KBB Editors' Overview
By KBB.com Editors
- Updated Date: 10/5/2007
You'll Like This Car If...
Once known as America's only two-seat sports car, the Corvette continues to offer driving enthusiasts the most bang for the buck, running neck-and-neck (and in some cases surpassing) exotic cars costing up to four times as much - or even more. No where else but in America can you find a sub-$50,000 sports car delivering 400 horsepower while returning an EPA highway fuel economy figure of 28 miles per gallon. Although not as light or nimble as the
Porsche 911, the Corvette's optional Z51 Performance Package renders it track-ready, while the car's luxurious interior and comfortable ride make it perfect for daily commutes or long weekend getaways. Available as a
convertible, the 2007 Corvette remains in a class by itself.
You May Not Like This Car If...
If you love your cars American and iconic, the Corvette is a sports car purist's dream come true. Drivers experience awesome V8 power, amazing handling and an interior filled with more creature comforts than some
What's New for 2007
Though its handling is admirable, fans of lighter, more nimble sports cars will find the Corvette's size ponderous in tight turns. The Corvette's only other objectionable feature may be the somewhat numb feel returned by the Magnasteer power steering.
The Corvette gets a larger glove box as well as a few new options for 2007. An enhanced Bose sound system features steering wheel-mounted controls, while cross-drilled brake rotors are added to the Magnetic Selective Ride Control package. A power soft top is included with the
Convertible 3LT option package.
With all the high-tech performance improvements in the new Corvette, a huge leap was made from the last model, enhancing both handling and straight-line acceleration. No longer do you have to work hard to "handle" this muscle machine. Instead, it steers with ease and precision, dealing with twists and turns effortlessly. All of the three suspension packages - a base system, Magnetic Ride Control and the Z51 package - are notably enhanced from the previous model. In the sport mode, the Corvette grabs the pavement with tenacity, and in touring mode, the Corvette soaks up road harshness like a large luxury
The new, short-throw six-speed manual transmission makes the shifter in the previous model feel like something pulled out of a 1966 Chevy
Keyless Access with Push Button Start
Keep your keys in your purse or pocket - when you approach the car, you simply reach for a touch panel in the door handle and the vehicle starts up with the press of a button.
The best changes can be found inside the sixth-generation Corvette. The clean, uncluttered design carried out with the highest quality parts and trim brings the car into world-class contention. The new seats are wider and more supportive than in the generation five model. Interior sound levels have also been improved, but the Corvette's cabin is still noisy at highway speeds.
Notable Standard Equipment
The 2007 Corvette is still easily identifiable as a Corvette, although the changes to the exterior make the sixth generation car a different animal than its predecessors. A flush-fitted set of headlamps molded to fit the curving hood line set-off the front of the car. The sixth-generation Corvette is some five inches shorter and one inch narrower than the fifth-generation model, yet it features larger tires and a larger removable roof panel.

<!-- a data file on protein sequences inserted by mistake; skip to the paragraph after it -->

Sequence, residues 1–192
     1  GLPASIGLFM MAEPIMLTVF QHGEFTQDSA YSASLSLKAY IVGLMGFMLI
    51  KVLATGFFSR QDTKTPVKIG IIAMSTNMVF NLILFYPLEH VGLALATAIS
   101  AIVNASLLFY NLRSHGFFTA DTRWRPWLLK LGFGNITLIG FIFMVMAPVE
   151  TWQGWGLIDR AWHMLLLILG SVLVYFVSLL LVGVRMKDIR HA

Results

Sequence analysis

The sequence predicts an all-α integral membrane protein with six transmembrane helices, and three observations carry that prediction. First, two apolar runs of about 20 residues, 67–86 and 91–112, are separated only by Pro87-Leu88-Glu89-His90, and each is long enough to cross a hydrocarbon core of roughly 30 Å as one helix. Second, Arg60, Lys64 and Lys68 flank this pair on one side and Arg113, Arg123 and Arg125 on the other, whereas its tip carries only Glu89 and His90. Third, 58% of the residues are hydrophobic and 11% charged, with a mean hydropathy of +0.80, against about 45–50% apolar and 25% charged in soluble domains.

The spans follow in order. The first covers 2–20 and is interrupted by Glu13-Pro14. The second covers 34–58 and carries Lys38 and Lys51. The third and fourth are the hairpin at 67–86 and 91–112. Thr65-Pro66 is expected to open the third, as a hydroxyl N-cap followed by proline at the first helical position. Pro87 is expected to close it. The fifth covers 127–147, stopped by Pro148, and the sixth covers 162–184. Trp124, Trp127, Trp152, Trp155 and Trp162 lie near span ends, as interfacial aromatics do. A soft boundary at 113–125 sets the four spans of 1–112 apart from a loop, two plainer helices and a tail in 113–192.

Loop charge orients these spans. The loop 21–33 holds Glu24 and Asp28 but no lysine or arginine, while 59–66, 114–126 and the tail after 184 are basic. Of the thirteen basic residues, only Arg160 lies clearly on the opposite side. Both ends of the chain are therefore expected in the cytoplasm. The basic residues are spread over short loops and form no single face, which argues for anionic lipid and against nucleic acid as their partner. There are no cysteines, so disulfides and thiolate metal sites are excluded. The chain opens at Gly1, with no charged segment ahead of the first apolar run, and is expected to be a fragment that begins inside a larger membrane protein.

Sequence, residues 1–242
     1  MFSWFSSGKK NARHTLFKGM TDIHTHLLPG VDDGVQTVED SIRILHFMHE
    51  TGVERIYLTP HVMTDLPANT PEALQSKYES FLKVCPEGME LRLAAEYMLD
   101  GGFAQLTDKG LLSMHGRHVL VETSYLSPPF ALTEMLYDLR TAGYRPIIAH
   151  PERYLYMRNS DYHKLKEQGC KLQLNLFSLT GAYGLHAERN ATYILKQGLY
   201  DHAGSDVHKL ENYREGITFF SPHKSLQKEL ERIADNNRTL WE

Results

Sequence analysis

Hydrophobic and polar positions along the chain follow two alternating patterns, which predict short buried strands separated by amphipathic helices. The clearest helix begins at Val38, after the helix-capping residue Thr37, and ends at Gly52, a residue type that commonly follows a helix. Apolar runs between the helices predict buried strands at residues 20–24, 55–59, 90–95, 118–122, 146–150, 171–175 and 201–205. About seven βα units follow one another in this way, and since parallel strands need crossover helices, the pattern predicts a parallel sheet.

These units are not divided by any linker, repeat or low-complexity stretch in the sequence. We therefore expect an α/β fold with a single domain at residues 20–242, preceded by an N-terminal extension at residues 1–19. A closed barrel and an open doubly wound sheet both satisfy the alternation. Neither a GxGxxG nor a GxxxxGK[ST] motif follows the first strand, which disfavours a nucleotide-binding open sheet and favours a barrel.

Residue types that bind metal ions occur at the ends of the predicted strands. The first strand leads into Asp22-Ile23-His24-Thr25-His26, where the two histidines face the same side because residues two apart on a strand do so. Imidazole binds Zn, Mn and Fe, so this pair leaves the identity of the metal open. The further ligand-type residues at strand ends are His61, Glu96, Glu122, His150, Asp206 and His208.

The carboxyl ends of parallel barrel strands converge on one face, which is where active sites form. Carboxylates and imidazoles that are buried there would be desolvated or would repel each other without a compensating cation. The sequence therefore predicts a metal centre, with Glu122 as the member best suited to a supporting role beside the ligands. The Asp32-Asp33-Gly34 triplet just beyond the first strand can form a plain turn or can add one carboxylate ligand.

Notable Optional Equipment
The Corvette features a 6.0-liter V8 engine, six-speed manual transmission, traction control, limited-slip rear axle, four-wheel anti-lock disc brakes (ABS), Xenon HID headlamps, AM/FM stereo with CD/MP3 capability, removable roof panel, leather seats, six-way power driver's seat, cruise control, leather-wrapped tilt steering wheel and 18- and 19-inch front and rear alloy wheels, respectively.
Under the Hood
Options include a paddle-shift six-speed automatic transmission, front side-impact airbags, Head-Up Display (HUD), Bose audio with six-disc in-dash CD/MP3 player, power tilt/telescoping steering wheel, the Z51 Performance Package, DVD navigation, Magnetic Selective Ride Control, single transparent or dual removable roof panels and polished alloy wheels.
Although there is no denying the pleasure a 400-horsepower V8 delivers, with the Corvette you also get a certain lack of refinement. The 6.0-liter LS2 V8 feels gruff at idle and roars loudly when pressed into action. It's a purely American feel that instantly takes one back to the late 1960's muscle car era. Porsche and Jaguar lovers will probably never love this engine, but they can't easily overlook its tremendous performance potential, either.
6.0-liter V8 LS2
400 horsepower @ 6000 rpm
400 lb.-ft. of torque @ 4400 rpm
EPA city/highway fuel economy: 18/28 (manual), 17/27 (automatic)
Coupe has a Manufacturer's Suggested Retail Price (MSRP) of $44,995, while the Convertible bumps the price to $52,910. Be sure to check the Fair Purchase Price before you set out to purchase your Corvette - you'll be able to see what other buyers are paying in your area and negotiate accordingly. Even if you find yourself paying full retail for your Corvette, you can take solace in the fact that over a five-year period the Corvette rivals the
Porsche 911 Carrera in projected residual values.